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Understanding the electromechanical switching behaviour of porous ferroelectric ceramics

  • Full or part time
  • Application Deadline
    Wednesday, March 25, 2020
  • Competition Funded PhD Project (European/UK Students Only)
    Competition Funded PhD Project (European/UK Students Only)

Project Description

Informal queries should be directed to Dr James Roscow ()

Introducing carefully structured porosity into ferroelectric ceramics is an effective way of achieving a favourable balance of piezoelectric and dielectric properties for sensing and energy harvesting applications. In recent years, it has been demonstrated that by controlling the porous microstructure piezoelectric coefficients comparable to those of dense ferroelectric ceramics can be achieved. A significant proportion (>50%) of the bulk piezoelectric response in these materials is related to ferroelectric/ferroelastic domain motion at the sub-grain level in response to externally applied electric or mechanical fields. Zero stiffness pores contained within a ferroelectric ceramic matrix are therefore likely to alter the electromechanical switching behaviour due to a change in localised mechanical clamping. Whilst the majority of work to date has focussed on the benefits of porosity with regards to an improved balance of properties, this project will investigate how structured porosity alters the local mechanical clamping and the functional properties of the matrix itself. This understanding will be vital to develop the next generation of piezoelectric composites that utilise porous ferroelectric ceramic matrices.

During this project, porous ferroelectric ceramics will be fabricated from well-studied systems, e.g. lead zirconate titanate and barium titanate, with a range of porosities and pore sizes. Freeze casting will be used to obtain excellent control over the porous microstructure and the successful candidate will be encouraged to explore and develop novel processing methods to improve the microstructural control.

The materials will be characterised in terms of their microstructure using techniques including x-ray diffraction, and scanning and transmission electron microscopy. Electrical properties (e.g. piezoelectric, dielectric and polarisation- and strain-field behaviour), will be characterised using facilities at the University of Bath. The use of synchrotron x-ray diffraction methods to probe bulk structures will be encouraged. This regime of experimentation will be used to inform on the effects of porosity across a range of length scales and develop new analytical and numerical models to aid with the design and fabrication of porous and composite ferroelectric materials for a variety of applications.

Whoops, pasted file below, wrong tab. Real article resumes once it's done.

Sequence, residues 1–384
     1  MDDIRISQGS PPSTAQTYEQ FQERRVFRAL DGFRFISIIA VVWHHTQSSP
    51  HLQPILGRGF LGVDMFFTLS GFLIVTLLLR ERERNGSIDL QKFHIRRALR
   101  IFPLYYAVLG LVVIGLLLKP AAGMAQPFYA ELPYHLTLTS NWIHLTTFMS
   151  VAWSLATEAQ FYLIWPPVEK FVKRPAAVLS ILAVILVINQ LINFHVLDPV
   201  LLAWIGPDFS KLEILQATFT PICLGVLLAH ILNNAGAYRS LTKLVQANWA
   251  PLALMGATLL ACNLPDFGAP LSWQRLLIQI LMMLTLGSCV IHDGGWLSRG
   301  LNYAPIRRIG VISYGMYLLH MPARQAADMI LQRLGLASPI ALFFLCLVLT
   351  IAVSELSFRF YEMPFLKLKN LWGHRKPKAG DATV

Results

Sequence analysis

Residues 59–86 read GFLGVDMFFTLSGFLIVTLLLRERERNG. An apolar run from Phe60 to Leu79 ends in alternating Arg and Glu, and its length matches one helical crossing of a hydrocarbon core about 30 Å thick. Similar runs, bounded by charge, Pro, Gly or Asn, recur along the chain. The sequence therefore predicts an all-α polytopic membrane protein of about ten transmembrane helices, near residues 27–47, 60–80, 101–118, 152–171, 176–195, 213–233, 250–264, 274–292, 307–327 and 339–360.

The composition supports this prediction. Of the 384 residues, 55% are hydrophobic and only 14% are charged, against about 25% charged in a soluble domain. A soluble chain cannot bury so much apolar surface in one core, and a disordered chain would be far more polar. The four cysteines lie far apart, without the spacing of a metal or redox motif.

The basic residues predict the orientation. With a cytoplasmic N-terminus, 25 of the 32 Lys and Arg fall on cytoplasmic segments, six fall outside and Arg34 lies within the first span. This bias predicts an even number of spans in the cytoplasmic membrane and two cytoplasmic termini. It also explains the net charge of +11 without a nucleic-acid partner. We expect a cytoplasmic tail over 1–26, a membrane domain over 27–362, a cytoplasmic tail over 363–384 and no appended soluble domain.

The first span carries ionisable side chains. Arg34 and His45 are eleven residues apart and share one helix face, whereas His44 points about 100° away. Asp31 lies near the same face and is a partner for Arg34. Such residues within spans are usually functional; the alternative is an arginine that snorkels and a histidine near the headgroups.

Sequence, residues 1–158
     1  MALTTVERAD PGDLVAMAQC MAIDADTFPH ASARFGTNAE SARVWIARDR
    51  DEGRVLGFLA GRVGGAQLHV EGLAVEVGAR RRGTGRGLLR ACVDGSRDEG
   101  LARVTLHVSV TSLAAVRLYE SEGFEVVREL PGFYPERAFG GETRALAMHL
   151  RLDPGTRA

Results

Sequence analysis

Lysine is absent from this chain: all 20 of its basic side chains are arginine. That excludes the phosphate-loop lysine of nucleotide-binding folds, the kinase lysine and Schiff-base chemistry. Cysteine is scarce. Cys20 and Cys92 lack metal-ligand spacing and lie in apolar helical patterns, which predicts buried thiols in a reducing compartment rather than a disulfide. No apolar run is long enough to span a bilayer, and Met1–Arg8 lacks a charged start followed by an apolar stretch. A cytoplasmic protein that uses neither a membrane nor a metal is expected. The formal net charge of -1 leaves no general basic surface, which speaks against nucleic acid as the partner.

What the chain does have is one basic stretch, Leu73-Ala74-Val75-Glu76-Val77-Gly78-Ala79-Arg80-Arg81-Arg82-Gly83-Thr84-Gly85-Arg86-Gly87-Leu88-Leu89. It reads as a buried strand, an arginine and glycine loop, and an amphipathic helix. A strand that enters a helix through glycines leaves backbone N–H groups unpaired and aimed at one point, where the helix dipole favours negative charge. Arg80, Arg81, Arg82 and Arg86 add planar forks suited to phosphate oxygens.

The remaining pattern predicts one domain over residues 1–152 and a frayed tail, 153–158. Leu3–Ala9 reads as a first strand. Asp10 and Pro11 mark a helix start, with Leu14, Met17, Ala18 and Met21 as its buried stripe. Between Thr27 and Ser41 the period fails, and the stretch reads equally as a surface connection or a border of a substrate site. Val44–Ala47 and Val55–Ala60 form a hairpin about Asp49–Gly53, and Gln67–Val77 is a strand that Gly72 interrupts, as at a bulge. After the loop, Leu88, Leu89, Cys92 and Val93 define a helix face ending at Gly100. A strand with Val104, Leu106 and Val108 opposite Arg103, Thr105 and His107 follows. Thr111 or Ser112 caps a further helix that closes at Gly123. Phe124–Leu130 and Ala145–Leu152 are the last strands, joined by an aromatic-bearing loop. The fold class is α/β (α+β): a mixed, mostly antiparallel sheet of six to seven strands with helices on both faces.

CANDIDATE:
Applicants should hold, or expect to receive, an undergraduate Masters first class degree or MSc distinction (or non-UK equivalent) in materials science, mechanical engineering, physics, chemistry, or a similar discipline. English language entry requirements must be met at the time of application to be considered for funding, see http://www.bath.ac.uk/study/pg/apply/english-language/index.html

APPLICATIONS:
Formal applications should be made via the University of Bath’s online application form for a PhD in Mechanical Engineering. Please ensure that you state the full project title and lead supervisor name on the application form.

https://samis.bath.ac.uk/urd/sits.urd/run/siw_ipp_lgn.login?process=siw_ipp_app&code1=RDUME-FP01&code2=0014

More information about applying for a PhD at Bath may be found here:

http://www.bath.ac.uk/guides/how-to-apply-for-doctoral-study/


This project is eligible for inclusion in three funding rounds, subject to funding availability. Application deadlines: Wednesday 27 November 2019, Wednesday 29 January 2020 & Wednesday 25 March 2020. Early submission is advised. A full application must have been submitted before inclusion in a funding round.

Anticipated start date: 28 September 2020

Funding Notes

UK and EU candidates applying for this project will be considered for a University Research Studentship which will cover UK/EU tuition fees, a training support fee of £1,000 per annum and a tax-free maintenance allowance at the UKRI Doctoral Stipend rate (£15,009 in 2019-20) for a period of up to 3.5 years.

How good is research at University of Bath in Aeronautical, Mechanical, Chemical and Manufacturing Engineering?

FTE Category A staff submitted: 61.00

Research output data provided by the Research Excellence Framework (REF)

Click here to see the results for all UK universities

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